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Stage 3: Kuala Lumpur to Padang Besar
Kuala Lumpur Sentral is the city's hub for public transport, but all long distance ETS trains north still pause at Old Kuala Lumpur Station. This fantastic piece of 1910 architecture was designed by Arthur Benison Hubback and sports Mughal and Moorish features such as keyhole arches and wind towers – it's worth boarding the next stage of the journey here just to see the building close up. Should you be spending the night in Kuala Lumpur, the colonial stylings of the Majestic Hotel across the road are worth the splurge.
Malaysia's spiffy ETS trains offer a decent buffet car serving snacks and drinks. There are also screens in each of the carriages showing movies, such as Minions, on loop (thankfully, with subtitles rather than full volume). The landscape north to the border offers more variety including dramatic limestone peaks and verdant paddy fields. At Ipoh there's another grand Hubback-designed train station to admire, dating back to 1917. Like the one in Kuala Lumpur it used to house a hotel, but this one has more of a European style with loggias and a porte-cochére (covered porch for vehicles), in front of which is an attractive park.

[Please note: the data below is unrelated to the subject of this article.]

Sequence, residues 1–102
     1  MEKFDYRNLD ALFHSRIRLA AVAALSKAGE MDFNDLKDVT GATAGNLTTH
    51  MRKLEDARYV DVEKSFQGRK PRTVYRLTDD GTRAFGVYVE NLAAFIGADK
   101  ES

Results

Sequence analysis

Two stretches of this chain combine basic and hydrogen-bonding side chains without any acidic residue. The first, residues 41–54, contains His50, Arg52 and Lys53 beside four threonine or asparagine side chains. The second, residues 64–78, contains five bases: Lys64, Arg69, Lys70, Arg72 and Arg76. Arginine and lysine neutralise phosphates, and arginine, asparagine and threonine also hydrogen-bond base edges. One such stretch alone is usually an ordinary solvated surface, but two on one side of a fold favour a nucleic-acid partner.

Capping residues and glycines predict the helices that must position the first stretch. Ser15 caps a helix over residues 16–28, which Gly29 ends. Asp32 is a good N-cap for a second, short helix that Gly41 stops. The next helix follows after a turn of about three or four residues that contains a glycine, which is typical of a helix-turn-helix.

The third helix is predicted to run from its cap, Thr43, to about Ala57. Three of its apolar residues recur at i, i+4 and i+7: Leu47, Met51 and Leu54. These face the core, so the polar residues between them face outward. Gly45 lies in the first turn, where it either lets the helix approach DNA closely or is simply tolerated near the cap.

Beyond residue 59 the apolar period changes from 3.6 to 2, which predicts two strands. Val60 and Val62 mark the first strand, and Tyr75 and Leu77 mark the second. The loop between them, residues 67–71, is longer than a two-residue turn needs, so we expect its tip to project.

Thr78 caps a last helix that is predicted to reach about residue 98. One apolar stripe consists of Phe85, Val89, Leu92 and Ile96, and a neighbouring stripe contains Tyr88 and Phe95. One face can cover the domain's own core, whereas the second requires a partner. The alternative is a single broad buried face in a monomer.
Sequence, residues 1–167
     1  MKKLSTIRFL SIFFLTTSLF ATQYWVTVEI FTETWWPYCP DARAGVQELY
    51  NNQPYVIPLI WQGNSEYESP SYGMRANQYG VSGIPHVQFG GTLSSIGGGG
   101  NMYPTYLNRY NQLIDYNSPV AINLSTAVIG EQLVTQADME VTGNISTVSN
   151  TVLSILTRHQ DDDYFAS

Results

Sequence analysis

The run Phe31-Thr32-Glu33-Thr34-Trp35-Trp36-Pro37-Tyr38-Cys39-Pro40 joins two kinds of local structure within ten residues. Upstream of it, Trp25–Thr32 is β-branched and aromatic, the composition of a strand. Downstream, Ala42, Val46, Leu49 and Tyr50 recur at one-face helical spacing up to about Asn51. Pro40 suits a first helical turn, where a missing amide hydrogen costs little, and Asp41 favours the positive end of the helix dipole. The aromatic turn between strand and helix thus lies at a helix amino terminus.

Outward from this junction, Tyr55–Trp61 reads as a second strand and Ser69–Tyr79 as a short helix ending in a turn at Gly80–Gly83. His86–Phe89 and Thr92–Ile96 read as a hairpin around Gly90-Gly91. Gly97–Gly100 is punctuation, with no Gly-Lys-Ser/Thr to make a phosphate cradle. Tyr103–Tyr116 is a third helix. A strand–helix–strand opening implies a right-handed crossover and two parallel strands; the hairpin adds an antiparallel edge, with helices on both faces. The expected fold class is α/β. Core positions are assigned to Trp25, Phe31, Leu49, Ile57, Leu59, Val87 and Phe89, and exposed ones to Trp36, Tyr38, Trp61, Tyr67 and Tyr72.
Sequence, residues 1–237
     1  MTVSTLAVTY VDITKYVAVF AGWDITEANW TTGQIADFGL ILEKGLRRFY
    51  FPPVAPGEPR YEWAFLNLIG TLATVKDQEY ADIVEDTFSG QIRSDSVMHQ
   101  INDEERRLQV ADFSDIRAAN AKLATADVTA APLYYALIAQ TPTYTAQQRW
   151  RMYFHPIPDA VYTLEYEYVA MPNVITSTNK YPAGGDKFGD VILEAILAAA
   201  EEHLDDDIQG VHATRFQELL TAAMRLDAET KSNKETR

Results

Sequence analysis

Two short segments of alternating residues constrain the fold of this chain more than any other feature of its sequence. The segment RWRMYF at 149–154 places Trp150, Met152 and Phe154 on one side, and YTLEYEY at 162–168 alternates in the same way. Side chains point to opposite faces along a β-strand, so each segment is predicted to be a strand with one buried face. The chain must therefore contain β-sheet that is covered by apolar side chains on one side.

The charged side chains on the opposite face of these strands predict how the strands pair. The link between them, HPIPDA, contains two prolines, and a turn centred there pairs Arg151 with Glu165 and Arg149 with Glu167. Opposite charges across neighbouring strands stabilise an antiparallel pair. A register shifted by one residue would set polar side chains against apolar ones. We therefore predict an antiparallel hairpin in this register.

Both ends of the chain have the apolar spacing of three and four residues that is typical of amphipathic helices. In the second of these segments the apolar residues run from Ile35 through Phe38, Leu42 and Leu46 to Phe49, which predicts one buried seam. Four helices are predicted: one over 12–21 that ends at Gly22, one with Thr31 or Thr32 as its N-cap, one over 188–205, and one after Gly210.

Stage 4: Night Train to Bangkok
From Kuala Lumpur to Padang Besar is just under six hours by train: if you catch the 7am service you could break in Ipoh and have three hours to explore its old town, where there’s some inventive pieces of street art and a wonderful range of culinary specialities such as chicken with bean sprouts and soya bean curd. Warning: don’t linger too long before continuing to the border, because you need to arrive at Padang Besar by 4pm to go through immigration and catch the night train to Bangkok
Thailand is one hour behind, so the daily 5pm Thai train leaves Padang Besar's Malaysia station at 6pm. Tickets can usually be purchased at Padang Besar (or book online): opt for the lower bunks, which are wider. The two sleeper carriages, which have a retro charm, are hauled to Hat Yai just under an hour away where they are coupled to a service headed to Bangkok. There's a restaurant car from then on, but attendants will also serve you in your carriage and plenty of other food vendors hop on the train at stations along the way.
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As you awake next morning the train should be chugging by the coastal resort of Hua Hin. A few hours later – most likely behind schedule – Thailand's sprawling capital is within sight. Pulling into the city you'll slowly pass the shell of Bangkok's new Bang Sue terminal, which is under construction. When completed it will replace the impressive Neo-Renaissance terminus of Hualamphong – the giant arched shed of this old station, dating to 1916, spectacularly signals the end of the journey.
Before leaving, visit the small Thailand Railway Museum at the Rama 4 Rd entrance to the station, which includes a mock-up of a luxury coach interior in which to snap a selfie – who says the romance of rail travel is dead?